Marcia Fudge selected to succeed Tubbs-Jones

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EUCLID, Ohio (AP) — Democratic leaders on Thursday selected the mayor of a suburban Cleveland town to replace the late Rep. Stephanie Tubbs Jones on the Nov. 4 ballot.

Warrensville Heights Mayor Marcia Fudge, 55, parlayed key endorsements to become the party’s nominee in the heavily Democratic 11th Congressional District, which includes part of Cleveland and its eastern suburbs. She’ll run against Republican Thomas Pekarek, 59, who has run unsuccessfully for public office numerous times.

Fudge, a former chief of staff to Tubbs Jones, was backed by Tubbs Jones’ Democratic predecessor, Louis Stokes, and Cleveland Mayor Frank Jackson. The two organized a panel to hear from candidates at a closed-door meeting earlier in the week, a move criticized as boss-style politics.

Before the vote at a suburban Cleveland high school Thursday night, Fudge told members of the Cuyahoga County executive committee that her experience as a congressional aide made her well-qualified.

“I know what it takes because I’ve been there,” she said.

Fudge won 175 of 281 votes cast in the five-way race. Her rivals included former state Sens. C.J. Prentiss and Jeffrey Johnson, former Cleveland Councilman Bill Patmon and the Rev. Marvin McMickle, a minister who lost to Tubbs Jones in the primary 10 years ago.

The same group of contenders filed to run in the Oct. 14 Democratic primary for the right to advance to a Nov. 18 special election. No Republican filed to run in the special election. The winner will serve out the last few months of Tubbs Jones’ term.

If Fudge wins both the Nov. 4 election and the special election, she’ll be sworn in before other first-term House members elected in November, giving her an important edge in seniority.

Tubbs Jones was first elected to the House in 1998, becoming the first black woman to represent Ohio in Congress. Against token Republican opposition in 2006, she won 83 percent of the vote.

She died unexpectedly on Aug. 20 after suffering a brain hemorrhage caused by a ruptured aneurysm.

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Stephanie Tubbs Jones stricken by aneurysm; Dies

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Hat Tip: Cleveland Plain Dealer

U.S. Rep. Stephanie Tubbs Jones, the first African-American woman to represent Ohio in Congress, is in critical condition after suffering a burst aneurysm last night, officials said this afternoon.

Officials updated her condition this afternoon after conflicting reports that the congresswoman was dead. Numerous media outlets – including The Plain Dealer on its Web site cleveland.com, CNN and the Associated Press – reported that Tubbs Jones had died.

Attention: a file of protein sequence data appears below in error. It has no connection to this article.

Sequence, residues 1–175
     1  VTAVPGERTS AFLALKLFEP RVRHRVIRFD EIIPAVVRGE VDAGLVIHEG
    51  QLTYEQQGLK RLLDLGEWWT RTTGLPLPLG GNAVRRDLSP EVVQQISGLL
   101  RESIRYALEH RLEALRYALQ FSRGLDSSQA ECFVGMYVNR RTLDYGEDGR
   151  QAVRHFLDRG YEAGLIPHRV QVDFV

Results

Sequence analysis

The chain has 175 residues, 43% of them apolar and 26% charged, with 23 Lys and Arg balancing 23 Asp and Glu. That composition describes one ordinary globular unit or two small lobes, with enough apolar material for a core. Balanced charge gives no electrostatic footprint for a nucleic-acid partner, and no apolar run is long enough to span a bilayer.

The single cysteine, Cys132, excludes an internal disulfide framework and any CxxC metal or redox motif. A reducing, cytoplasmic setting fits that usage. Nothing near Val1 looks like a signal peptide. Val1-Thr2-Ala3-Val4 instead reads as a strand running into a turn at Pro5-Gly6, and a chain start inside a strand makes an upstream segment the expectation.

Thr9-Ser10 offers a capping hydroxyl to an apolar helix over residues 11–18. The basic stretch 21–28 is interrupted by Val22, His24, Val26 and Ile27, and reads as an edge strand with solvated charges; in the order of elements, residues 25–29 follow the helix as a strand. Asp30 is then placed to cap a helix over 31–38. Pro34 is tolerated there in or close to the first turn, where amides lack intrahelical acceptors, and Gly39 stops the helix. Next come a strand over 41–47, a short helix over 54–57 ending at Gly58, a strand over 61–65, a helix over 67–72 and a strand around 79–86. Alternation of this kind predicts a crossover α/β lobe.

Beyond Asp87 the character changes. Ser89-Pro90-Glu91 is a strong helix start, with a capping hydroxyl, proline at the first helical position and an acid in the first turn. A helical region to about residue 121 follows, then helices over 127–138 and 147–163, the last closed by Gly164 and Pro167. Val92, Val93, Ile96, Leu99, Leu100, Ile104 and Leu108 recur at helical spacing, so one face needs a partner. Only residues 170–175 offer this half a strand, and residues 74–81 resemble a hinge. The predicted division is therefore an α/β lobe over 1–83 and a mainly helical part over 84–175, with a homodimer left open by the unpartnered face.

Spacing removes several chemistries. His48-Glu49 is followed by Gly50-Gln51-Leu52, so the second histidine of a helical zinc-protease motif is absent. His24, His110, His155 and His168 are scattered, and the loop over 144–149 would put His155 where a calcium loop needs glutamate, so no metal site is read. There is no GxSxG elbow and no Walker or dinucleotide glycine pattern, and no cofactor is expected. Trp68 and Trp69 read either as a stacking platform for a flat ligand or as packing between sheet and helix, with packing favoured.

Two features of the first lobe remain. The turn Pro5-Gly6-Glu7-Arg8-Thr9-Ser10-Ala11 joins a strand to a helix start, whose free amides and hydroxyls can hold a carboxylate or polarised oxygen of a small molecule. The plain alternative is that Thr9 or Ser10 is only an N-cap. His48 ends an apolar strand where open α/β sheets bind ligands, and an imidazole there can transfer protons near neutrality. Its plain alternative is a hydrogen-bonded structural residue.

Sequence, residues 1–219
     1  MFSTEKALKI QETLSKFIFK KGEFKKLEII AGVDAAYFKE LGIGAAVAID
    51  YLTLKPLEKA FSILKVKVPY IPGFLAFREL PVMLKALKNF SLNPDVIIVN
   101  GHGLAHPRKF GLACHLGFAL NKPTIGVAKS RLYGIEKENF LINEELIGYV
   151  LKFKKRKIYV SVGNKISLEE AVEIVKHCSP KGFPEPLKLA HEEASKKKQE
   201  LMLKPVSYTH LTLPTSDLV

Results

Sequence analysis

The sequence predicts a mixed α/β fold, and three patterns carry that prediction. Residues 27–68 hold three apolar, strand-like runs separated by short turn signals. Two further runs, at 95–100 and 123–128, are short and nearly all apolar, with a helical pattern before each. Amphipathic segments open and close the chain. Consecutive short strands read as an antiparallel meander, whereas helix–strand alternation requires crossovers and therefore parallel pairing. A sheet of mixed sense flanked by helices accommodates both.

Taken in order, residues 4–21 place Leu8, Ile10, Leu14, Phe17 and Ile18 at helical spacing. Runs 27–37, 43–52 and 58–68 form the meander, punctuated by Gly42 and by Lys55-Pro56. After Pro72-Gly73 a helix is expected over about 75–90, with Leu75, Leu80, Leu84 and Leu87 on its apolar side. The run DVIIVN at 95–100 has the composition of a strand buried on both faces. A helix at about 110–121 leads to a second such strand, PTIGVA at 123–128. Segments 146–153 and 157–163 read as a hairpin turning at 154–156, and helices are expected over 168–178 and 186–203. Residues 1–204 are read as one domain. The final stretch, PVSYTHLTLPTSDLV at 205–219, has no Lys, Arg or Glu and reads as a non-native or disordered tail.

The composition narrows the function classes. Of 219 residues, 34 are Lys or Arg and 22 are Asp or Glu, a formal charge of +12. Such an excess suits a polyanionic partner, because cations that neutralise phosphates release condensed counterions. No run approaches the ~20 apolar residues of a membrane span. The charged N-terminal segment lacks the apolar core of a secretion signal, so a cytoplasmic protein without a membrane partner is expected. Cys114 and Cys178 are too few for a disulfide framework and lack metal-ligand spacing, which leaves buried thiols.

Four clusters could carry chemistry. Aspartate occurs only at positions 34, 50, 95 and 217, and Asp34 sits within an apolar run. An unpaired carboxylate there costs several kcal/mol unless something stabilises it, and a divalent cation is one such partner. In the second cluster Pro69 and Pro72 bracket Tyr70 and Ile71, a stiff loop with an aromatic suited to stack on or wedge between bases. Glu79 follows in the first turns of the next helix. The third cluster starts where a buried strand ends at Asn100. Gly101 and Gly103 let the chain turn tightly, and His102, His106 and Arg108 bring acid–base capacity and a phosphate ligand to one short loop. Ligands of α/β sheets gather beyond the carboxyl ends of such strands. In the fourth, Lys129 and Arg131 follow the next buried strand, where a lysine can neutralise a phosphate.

Tubbs Jones, 58, served as a Cuyahoga County judge and prosecutor before succeeding U.S. Rep. Louis Stokes. She has served five terms in Congress and is expected to easily win her sixth in November.

She was driving in Cleveland Heights Tuesday about 9 p.m. when a police officer pulled her over for driving erratically. The officer found Tubbs Jones unconscious but breathing. She was rushed to Huron Hospital.

The mood of supporters around noon was somber. Cleveland Councilman Roosevelt Coats was seen sobbing outside the hospital. He said Tubbs Jones was unconscious and her friends and relatives were preparing for the worst.

Tubbs Jones has long been one of the region’s most recognizable politicians. Often clad in red — the color of her sorority Delta Sigma Theta — she is a regular at parades, senior centers and schools. Her annual Labor Day picnic at Luke Easter Park is a must-stop for any serious Democratic candidate running in the city, county or state.

She has been outspoken in her support of black candidates. She backed Raymond Pierce in his unsuccessful bid for mayor in 2001. Four years later, Tubbs Jones played a key role in helping Frank Jackson defeat Jane Campbell. She also stumped for countless black judicial candidates.

Tubbs Jones drew attention this year for her staunch support of U.S. Sen. Hillary Clinton’s bid for the Democratic nomination for president. Tubbs Jones drew some criticism for her support of Clinton and not U.S. Sen. Barack Obama.

Her husband, Mervyn Sr., died unexpectedly in 2003.

UPDATE:  Stephanie Tubbs Jones has passed. 

U.S. Rep. Stephanie Tubbs Jones’ family and officials at Huron Hospital have announced that the five-term congresswoman has died.

She was 58.

This is the statement:

Tubbs Jones Family, Huron Hospital and Cleveland ClinicAugust 20, 2008 – 6:40 p.m.

“Throughout the course of the day and into this evening, Congresswoman Tubbs Jones’ medical condition declined. Medical doctors and neurosurgeons from Huron Hospital and Cleveland Clinic sadly report that at 6:12 p.m. Congresswoman Stephanie Tubbs Jones died.

She dedicated her life in public service to helping others and will continue to do so through organ donations.

Please keep her family and friends in your thoughts and prayers during this very difficult time.”